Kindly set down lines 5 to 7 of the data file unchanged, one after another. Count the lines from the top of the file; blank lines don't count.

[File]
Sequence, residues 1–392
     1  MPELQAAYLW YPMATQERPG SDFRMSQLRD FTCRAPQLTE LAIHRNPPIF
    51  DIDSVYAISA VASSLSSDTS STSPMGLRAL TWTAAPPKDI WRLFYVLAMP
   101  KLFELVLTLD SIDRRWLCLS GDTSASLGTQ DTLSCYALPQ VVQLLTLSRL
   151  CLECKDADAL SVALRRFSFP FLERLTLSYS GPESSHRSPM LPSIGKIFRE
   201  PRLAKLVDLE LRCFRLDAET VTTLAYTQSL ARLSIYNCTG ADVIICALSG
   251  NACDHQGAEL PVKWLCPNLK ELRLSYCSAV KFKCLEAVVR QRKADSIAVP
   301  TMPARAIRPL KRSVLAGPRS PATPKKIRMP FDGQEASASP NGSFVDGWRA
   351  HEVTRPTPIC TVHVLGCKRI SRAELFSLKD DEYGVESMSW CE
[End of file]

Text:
   151  CLECKDADAL SVALRRFSFP FLERLTLSYS GPESSHRSPM LPSIGKIFRE
   201  PRLAKLVDLE LRCFRLDAET VTTLAYTQSL ARLSIYNCTG ADVIICALSG
   251  NACDHQGAEL PVKWLCPNLK ELRLSYCSAV KFKCLEAVVR QRKADSIAVP